Levofloxacin is an antibiotic that is used for treating bacterial infections. Many common infections in humans are caused by bacteria. Bacteria can grow and multiply, infecting different parts of the body. Drugs that control and eradicate these bacteria are called antibiotics. Levofloxacin is an antibiotic that stops multiplication of bacteria by preventing the reproduction and repair of their genetic material, DNA. It is in a class of antibiotics called fluoroquinolones, a class that includes ciprofloxacin (Cipro), norfloxacin (Noroxin), ofloxacin (Floxin), trovafloxacin (Trovan), and lomefloxacin (Maxaquin). The FDA approved levofloxacin in December 1996.
The usual dose is 250-750 mg given once daily for 3-14 days depending on the type of infection. Anthrax is treated with 500 mg daily for 60 days. It is important to take oral formulations at least 2 hours before or 2 hours after any antacid or mineral supplement containing iron, calcium, zinc, or magnesium since these bind levofloxacin and prevent its absorption into the body.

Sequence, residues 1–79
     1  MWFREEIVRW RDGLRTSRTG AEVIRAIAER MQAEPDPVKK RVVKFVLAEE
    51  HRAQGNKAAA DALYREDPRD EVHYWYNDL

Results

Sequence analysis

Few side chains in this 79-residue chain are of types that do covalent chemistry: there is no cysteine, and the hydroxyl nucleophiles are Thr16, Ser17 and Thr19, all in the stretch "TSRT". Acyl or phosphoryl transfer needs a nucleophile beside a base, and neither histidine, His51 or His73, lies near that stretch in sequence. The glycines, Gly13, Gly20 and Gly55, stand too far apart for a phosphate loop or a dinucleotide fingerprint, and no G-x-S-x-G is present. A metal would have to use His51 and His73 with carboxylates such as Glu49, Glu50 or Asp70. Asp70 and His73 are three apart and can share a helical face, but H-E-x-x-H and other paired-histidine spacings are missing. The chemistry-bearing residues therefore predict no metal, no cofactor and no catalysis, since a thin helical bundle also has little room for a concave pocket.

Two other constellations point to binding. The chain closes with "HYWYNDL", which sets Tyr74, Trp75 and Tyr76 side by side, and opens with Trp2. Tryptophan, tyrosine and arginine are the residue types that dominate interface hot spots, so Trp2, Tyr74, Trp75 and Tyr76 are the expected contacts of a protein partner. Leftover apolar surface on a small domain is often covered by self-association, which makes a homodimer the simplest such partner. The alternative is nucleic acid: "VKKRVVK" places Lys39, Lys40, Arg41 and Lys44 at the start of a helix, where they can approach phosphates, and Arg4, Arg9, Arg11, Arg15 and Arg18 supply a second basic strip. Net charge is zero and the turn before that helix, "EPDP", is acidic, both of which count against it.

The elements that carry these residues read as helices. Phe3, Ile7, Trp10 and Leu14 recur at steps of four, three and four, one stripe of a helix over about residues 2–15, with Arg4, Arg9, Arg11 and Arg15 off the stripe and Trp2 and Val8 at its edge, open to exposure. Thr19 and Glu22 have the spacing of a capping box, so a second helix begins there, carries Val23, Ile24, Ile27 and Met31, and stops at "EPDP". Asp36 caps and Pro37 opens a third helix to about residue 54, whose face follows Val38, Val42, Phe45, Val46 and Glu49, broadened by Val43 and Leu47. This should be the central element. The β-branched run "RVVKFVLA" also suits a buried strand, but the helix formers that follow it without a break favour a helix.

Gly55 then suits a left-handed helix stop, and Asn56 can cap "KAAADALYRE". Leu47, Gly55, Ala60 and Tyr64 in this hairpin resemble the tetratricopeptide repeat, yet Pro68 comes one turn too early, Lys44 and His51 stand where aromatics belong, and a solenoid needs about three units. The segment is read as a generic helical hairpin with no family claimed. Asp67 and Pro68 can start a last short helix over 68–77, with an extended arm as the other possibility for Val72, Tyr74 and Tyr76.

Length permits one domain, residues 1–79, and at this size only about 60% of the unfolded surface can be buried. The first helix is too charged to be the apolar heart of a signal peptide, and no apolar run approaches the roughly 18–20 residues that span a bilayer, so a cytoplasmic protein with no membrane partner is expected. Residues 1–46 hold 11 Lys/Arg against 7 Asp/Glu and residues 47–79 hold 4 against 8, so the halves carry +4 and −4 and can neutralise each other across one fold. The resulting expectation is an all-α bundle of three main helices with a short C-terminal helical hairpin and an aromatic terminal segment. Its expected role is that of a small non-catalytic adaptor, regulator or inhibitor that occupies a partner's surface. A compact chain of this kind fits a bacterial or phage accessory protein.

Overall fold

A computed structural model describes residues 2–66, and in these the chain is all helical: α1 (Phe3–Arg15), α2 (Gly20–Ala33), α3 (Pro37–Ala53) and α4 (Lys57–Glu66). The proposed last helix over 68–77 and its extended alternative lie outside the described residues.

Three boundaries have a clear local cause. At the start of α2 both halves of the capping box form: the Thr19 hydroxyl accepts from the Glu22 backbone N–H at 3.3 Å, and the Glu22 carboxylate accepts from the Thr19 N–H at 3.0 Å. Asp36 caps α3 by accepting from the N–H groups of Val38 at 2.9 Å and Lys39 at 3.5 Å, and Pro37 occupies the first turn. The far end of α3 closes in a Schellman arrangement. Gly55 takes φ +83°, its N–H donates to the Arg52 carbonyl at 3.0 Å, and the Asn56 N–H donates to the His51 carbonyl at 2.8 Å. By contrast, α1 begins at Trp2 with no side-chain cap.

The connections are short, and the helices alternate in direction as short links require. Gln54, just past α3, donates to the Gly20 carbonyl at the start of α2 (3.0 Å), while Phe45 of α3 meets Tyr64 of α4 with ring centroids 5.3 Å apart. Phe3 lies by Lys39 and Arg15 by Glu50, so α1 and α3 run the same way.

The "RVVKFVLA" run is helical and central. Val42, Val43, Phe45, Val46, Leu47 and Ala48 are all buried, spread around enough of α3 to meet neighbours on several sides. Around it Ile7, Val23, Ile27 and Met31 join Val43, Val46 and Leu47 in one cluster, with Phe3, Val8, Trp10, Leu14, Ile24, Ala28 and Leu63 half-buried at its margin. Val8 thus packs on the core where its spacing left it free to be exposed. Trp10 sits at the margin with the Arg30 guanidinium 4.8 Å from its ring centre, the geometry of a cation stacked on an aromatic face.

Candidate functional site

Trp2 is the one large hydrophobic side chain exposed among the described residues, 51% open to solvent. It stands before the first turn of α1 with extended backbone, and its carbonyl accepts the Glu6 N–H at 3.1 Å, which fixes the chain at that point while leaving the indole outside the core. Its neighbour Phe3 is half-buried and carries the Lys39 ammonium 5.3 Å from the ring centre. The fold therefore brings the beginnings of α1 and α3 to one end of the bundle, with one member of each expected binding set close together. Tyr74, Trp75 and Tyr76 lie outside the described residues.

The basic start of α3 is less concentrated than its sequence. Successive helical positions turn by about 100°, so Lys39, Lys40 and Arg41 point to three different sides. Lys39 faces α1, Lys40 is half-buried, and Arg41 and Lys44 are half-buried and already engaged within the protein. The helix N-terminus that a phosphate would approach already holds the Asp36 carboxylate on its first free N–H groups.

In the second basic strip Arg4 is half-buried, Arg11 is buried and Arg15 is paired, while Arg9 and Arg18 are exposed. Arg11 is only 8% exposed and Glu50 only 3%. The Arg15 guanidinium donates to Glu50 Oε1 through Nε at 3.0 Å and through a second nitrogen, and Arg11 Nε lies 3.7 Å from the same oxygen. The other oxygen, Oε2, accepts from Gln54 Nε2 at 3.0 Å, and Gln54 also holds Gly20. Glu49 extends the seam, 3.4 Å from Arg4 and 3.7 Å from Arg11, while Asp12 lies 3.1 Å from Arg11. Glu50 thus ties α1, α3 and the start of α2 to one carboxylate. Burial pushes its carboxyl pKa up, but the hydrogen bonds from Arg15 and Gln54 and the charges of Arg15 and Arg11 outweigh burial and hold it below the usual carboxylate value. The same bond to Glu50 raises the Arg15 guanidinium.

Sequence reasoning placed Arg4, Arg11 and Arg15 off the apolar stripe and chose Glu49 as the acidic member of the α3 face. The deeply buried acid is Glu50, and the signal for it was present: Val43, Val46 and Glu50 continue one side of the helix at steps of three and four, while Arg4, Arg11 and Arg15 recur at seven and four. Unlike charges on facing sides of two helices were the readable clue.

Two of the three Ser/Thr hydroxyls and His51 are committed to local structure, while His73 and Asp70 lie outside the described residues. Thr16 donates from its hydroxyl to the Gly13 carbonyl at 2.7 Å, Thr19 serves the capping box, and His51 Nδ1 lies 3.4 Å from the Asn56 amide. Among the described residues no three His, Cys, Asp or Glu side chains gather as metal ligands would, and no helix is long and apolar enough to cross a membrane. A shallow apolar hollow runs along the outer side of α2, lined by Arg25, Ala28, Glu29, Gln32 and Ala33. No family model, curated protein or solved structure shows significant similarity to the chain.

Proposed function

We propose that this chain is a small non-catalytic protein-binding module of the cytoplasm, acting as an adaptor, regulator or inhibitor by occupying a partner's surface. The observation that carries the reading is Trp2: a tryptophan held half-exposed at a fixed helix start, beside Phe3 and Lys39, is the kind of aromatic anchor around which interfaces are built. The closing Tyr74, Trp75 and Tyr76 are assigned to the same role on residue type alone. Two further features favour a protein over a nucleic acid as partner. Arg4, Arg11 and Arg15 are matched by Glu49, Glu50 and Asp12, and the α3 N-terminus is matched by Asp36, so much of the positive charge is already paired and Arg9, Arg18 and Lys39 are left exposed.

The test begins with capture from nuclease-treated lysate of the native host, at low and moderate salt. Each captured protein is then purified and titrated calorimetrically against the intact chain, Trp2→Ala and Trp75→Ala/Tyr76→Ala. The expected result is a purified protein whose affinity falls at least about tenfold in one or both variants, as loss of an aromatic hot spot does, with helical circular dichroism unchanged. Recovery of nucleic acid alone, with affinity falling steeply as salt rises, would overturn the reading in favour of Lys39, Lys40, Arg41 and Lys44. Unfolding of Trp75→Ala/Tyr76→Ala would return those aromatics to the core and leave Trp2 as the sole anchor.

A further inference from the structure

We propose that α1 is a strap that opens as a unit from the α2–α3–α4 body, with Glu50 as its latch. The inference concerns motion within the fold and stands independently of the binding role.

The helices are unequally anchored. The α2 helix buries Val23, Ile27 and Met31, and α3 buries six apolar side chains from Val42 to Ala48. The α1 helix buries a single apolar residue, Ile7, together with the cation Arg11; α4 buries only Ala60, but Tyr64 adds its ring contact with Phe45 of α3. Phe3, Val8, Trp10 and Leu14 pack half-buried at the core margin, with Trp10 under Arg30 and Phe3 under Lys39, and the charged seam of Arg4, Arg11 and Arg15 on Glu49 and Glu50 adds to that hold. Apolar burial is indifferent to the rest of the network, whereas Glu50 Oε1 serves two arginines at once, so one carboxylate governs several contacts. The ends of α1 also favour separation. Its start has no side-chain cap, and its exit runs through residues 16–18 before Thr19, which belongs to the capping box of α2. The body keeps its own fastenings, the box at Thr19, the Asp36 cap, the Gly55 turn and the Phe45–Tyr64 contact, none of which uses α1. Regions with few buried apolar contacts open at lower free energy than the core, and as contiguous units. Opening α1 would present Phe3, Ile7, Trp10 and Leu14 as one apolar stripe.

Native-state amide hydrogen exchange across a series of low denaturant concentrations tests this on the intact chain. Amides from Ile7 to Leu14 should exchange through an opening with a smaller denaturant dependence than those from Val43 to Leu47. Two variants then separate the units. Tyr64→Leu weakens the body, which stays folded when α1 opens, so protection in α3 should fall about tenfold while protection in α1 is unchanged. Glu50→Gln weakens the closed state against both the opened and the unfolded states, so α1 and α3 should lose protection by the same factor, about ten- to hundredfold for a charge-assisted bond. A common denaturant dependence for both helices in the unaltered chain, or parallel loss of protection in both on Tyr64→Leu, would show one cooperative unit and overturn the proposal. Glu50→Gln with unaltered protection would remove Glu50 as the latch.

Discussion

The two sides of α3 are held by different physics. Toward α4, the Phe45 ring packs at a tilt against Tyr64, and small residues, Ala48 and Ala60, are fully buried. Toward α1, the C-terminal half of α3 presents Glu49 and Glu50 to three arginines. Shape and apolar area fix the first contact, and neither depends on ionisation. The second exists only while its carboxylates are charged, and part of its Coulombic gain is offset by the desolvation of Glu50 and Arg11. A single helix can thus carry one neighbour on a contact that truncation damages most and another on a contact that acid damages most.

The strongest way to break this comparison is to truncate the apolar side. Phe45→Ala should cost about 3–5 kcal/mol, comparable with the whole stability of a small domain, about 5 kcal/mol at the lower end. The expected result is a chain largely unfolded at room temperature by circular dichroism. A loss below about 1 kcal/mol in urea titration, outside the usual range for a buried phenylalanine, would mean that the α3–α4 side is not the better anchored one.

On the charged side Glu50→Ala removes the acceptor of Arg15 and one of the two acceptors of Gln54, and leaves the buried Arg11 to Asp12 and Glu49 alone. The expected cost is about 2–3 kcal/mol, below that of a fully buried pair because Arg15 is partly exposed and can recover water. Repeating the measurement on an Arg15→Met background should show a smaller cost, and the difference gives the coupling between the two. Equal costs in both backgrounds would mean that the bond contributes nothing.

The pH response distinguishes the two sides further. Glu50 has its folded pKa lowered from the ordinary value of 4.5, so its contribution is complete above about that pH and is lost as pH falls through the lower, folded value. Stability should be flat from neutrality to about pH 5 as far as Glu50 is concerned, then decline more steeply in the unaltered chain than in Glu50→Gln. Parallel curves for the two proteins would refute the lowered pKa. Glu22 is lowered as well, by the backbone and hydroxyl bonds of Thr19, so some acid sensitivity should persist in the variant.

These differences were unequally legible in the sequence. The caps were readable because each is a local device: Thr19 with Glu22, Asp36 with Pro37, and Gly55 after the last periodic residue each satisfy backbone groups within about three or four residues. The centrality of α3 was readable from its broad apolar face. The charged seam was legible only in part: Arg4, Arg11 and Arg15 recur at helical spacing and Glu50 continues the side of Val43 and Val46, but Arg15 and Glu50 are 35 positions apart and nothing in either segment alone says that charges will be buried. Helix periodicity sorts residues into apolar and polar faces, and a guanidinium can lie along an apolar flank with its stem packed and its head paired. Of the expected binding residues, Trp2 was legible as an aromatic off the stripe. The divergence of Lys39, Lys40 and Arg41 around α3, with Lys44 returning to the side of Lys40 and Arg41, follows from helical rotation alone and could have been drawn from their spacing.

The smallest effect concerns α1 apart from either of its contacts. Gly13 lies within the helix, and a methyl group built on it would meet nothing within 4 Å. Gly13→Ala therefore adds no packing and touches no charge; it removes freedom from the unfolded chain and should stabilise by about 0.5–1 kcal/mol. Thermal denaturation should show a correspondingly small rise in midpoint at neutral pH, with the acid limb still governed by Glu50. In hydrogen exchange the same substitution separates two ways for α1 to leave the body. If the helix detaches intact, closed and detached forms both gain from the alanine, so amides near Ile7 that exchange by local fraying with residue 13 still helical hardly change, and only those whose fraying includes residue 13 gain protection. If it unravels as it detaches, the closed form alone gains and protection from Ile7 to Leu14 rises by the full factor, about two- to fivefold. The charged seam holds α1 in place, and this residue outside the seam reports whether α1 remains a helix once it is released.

Levofloxacin is not recommended for use in pregnant women since levofloxacin causes joint and bone deformities in juvenile animals of several species.